I installed Terminator on my Ubuntu and I saved my own layout with 5 terminal windows. Now I want to execute a shell script in each window. The problem is that when script terminates the terminal window becomes useless as there is no more command prompt. i.e. I can save my layout and put a command "top" in layout config. The next time I start Terminator "terminator -m -l mylayout &" it will open my layout, execute command "top" in the respective sub terminal, but if I press "q" to quit "top" that terminal doesn't have command prompt any more. Is there a way to fix it? And, Is there a way to pass commands to terminal windows inside Terminator layout from a separate gnome-terminal window?

3 Answers 3


I also wanted to start a Terminator session by executing a script and then starting a bash shell. This is how I did it:

In Terminator's Preferences, on the 'Layouts' tab, select the desired Layout on the left and then select the desired Terminal on the right.

In the 'Custom command' field, enter the command followed by && bash || bash. This will initiate a new bash shell whether the command/script was successful or not.

The bash after && will execute after a successful exit code (0). The bash after || executes after an error exit code (1-255).

Example: To execute top and then exit into a new bash shell, enter this in the 'Custom command' field.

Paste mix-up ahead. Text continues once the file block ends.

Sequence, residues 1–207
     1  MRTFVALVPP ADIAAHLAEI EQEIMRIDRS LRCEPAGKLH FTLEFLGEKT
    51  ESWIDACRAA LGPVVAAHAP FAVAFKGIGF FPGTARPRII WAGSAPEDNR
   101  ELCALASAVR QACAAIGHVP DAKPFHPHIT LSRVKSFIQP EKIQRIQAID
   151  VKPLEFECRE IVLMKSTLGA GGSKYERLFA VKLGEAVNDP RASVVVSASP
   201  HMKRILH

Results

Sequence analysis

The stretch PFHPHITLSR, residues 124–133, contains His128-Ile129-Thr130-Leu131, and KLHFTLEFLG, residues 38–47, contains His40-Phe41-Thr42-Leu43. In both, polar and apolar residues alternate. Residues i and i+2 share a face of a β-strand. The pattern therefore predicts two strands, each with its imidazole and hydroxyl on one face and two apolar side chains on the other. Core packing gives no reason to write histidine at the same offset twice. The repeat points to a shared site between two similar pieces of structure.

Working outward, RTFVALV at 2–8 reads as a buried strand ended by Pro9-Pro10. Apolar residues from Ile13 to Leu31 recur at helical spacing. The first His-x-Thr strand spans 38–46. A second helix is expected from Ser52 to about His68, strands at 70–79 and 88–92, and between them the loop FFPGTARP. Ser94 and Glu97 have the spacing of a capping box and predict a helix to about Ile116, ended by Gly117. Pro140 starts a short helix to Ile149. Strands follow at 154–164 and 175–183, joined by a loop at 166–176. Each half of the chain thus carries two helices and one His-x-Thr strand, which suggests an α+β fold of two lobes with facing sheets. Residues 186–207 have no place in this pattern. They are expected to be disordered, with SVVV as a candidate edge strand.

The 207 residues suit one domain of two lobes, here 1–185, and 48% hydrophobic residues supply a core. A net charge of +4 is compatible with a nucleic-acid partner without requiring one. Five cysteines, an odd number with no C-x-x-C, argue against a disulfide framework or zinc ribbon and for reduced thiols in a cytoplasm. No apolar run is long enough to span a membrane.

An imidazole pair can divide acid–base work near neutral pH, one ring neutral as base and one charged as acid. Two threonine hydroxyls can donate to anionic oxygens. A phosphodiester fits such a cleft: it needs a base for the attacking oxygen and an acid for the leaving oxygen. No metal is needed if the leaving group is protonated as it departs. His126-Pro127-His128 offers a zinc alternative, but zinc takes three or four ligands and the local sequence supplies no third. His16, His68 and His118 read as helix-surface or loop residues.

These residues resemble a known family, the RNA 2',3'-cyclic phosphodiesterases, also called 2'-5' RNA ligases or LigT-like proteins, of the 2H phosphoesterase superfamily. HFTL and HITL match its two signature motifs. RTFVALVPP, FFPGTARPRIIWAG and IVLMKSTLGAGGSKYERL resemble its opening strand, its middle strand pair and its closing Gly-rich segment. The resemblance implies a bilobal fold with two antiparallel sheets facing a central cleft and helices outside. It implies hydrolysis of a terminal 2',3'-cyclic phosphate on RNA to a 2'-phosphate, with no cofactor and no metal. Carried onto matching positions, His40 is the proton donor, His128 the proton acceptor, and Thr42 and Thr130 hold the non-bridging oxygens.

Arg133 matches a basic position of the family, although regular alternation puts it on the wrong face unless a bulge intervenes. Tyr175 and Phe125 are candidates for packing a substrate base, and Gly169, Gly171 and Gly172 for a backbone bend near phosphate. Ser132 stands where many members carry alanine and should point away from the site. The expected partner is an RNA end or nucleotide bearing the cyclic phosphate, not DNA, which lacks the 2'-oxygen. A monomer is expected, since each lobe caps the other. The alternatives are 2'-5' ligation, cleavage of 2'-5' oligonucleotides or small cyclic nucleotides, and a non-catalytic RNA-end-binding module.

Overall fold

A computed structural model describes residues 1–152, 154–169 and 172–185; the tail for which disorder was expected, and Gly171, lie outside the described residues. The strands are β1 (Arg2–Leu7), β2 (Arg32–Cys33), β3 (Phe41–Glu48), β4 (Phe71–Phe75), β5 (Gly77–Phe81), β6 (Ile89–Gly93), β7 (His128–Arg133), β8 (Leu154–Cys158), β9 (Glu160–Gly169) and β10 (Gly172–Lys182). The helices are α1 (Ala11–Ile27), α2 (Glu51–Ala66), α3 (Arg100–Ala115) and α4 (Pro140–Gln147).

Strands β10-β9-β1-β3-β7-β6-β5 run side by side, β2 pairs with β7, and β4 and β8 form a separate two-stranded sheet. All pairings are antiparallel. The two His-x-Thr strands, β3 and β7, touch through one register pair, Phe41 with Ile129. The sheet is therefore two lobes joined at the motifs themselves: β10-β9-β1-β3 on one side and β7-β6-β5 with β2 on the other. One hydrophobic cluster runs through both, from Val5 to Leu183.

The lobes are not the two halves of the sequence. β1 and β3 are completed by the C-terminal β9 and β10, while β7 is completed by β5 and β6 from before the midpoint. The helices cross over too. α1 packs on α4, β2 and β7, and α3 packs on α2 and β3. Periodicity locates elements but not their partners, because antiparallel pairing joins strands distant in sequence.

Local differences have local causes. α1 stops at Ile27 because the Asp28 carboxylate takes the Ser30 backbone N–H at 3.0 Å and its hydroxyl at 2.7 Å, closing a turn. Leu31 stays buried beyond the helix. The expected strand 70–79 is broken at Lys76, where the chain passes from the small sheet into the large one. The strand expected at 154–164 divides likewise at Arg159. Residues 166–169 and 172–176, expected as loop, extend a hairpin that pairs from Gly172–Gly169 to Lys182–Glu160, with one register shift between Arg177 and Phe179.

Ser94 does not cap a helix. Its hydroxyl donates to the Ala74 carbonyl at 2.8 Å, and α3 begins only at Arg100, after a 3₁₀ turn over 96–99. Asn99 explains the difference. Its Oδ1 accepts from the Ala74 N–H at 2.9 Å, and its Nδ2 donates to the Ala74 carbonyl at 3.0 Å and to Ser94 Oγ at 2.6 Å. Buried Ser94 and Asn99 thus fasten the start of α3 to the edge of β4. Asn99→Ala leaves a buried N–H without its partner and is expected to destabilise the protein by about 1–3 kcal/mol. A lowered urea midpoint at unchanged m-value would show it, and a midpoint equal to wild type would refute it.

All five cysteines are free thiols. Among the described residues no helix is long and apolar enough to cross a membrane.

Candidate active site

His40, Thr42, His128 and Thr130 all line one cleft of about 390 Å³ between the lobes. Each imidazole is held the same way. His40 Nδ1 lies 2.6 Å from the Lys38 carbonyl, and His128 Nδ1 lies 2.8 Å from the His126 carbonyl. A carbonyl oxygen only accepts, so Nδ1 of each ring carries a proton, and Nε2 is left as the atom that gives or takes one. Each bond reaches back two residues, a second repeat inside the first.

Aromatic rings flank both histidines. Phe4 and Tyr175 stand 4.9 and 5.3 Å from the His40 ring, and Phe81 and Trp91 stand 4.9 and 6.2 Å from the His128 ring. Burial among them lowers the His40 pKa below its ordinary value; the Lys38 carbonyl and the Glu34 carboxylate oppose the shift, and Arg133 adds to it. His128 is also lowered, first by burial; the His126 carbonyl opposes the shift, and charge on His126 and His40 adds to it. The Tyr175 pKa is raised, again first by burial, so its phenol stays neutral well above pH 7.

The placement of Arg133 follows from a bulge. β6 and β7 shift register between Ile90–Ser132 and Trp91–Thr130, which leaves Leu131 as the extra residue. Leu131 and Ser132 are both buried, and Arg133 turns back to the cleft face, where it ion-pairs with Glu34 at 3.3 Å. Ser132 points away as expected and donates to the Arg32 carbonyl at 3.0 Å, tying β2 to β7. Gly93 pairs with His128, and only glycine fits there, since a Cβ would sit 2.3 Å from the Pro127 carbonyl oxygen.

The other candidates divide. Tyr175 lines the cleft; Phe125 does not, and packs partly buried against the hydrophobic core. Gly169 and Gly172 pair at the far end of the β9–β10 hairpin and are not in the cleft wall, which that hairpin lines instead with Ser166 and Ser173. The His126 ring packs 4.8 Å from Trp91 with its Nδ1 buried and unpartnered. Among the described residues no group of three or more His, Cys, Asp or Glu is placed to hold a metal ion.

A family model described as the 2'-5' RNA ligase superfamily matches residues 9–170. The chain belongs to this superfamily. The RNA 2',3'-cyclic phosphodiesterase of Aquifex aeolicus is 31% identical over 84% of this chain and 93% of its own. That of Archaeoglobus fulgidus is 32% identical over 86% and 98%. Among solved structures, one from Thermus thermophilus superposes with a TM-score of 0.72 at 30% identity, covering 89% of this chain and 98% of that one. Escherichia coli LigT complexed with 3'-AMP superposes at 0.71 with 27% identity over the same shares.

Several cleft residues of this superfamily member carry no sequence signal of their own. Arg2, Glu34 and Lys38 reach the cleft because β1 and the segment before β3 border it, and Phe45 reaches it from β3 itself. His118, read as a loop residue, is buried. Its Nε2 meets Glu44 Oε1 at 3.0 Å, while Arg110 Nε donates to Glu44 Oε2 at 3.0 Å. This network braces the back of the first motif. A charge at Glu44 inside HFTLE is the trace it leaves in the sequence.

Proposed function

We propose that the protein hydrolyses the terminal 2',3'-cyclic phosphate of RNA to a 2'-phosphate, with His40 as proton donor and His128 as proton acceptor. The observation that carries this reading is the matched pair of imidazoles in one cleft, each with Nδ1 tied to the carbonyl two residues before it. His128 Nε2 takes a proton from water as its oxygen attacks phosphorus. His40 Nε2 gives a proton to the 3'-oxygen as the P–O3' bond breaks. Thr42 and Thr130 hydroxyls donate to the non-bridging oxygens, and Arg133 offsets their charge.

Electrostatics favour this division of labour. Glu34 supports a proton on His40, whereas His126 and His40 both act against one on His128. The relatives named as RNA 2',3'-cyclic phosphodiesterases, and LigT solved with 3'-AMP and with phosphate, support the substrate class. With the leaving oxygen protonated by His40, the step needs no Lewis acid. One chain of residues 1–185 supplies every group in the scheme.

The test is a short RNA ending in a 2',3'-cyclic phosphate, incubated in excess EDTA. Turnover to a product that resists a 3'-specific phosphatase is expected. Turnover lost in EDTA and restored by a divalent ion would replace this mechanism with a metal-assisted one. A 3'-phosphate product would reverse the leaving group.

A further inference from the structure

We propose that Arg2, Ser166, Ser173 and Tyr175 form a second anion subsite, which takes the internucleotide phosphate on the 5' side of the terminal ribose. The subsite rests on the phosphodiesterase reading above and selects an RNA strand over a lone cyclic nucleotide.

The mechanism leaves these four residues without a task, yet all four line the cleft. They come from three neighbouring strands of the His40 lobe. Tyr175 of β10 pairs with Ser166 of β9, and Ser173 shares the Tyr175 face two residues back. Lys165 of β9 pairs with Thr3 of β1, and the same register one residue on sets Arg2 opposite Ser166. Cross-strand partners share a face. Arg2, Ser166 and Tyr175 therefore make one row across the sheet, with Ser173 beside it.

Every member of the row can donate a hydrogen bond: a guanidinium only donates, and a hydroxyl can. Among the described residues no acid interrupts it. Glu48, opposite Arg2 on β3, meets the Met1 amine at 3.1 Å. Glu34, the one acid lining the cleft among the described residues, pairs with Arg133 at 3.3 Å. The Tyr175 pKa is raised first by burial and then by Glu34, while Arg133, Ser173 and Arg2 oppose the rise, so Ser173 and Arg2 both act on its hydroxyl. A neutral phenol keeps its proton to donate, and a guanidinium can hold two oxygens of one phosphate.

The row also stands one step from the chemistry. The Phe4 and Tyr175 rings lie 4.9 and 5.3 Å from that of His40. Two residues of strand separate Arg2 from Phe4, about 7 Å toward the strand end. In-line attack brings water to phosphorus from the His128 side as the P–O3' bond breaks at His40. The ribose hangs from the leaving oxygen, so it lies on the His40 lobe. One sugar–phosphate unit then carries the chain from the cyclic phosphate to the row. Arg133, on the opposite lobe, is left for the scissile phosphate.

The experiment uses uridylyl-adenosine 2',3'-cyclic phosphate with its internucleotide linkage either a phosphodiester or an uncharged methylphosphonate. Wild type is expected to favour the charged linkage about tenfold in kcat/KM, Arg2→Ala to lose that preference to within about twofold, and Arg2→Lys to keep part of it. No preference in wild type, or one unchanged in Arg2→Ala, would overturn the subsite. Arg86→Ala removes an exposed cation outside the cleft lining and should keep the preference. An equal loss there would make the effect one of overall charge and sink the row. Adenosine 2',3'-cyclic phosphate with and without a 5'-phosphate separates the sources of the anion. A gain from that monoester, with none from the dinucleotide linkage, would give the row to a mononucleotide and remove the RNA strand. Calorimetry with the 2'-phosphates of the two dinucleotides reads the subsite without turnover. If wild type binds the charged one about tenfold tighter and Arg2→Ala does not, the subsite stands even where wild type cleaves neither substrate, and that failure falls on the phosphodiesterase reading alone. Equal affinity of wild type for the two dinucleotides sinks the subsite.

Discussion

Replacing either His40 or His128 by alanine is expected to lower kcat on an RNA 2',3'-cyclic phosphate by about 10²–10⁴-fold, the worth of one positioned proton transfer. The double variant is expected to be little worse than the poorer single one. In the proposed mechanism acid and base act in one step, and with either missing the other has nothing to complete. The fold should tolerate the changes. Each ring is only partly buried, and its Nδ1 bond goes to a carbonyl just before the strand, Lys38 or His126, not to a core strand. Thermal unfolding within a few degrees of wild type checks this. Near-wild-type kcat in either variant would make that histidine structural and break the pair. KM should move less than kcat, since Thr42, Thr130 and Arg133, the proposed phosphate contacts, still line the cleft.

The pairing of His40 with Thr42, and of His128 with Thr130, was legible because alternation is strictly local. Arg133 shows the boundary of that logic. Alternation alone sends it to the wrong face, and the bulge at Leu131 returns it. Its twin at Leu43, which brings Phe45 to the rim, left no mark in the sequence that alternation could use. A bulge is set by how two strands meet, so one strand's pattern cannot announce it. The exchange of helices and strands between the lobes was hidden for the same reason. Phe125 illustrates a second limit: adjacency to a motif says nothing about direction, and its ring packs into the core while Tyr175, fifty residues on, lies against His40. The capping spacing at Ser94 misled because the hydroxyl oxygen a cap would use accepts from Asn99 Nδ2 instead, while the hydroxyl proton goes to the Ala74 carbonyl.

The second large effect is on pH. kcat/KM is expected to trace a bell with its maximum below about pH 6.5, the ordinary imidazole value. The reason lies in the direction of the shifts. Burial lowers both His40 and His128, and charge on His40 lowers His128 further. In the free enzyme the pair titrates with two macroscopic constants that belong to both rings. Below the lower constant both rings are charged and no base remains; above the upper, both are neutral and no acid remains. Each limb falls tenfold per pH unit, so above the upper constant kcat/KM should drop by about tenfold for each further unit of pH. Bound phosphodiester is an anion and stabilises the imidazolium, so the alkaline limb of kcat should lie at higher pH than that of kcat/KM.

top && bash || bash

Another example: Say you needed some encouragement to get the day started off on the right foot.

echo -e "\nWelcome! You are going to have a productive day!\n" && bash || bash

Then, to run the command specified, start terminator with the -l option followed by your layout name.

terminator -l mylayout
  • That is a nice solution... there should have been a checkbox though keep terminal active
    – TacB0sS
    Nov 30, 2014 at 15:31

You can use a custom profile for terminals you want to keep open after the command exits. See the Profile, Command tab in Prefs.You can either have them just hold open till you explicitly close them, or you can have them restart the command (either the bash, or the custom command.)

Another trick I recently learned is to use the following as your custom command:

bash --rcfile <(echo ". ~/.bashrc && ls -l")

It sources your bash startup, executes a command (ls), then deposits you in the same bash process. It is slightly better than the practice of tacking bash on the end of the command.


I know this is an older question but I spent some time trying to figure it out today and none of this was working for me. I stumbled accross this blog post that did exactly what I needed. So I figured I would share.

Basically, you add this snippet to your .zshrc or .bashrc:

echo $INIT_CMD
if [ ! -z "$INIT_CMD" ]; then
    setopt shwordsplit
    for cmd in $INIT_CMD; do
        print -s "$cmd"  # add to history
        eval $cmd
    unset INIT_CMD

And then you set this as your custom command:

env INIT_CMD="cd bla; export PYTHONPATH=/tmp; workon project" zsh

That lets you string multiple commands together and then when you end a persistent command with Ctrl+C the terminal stays open.

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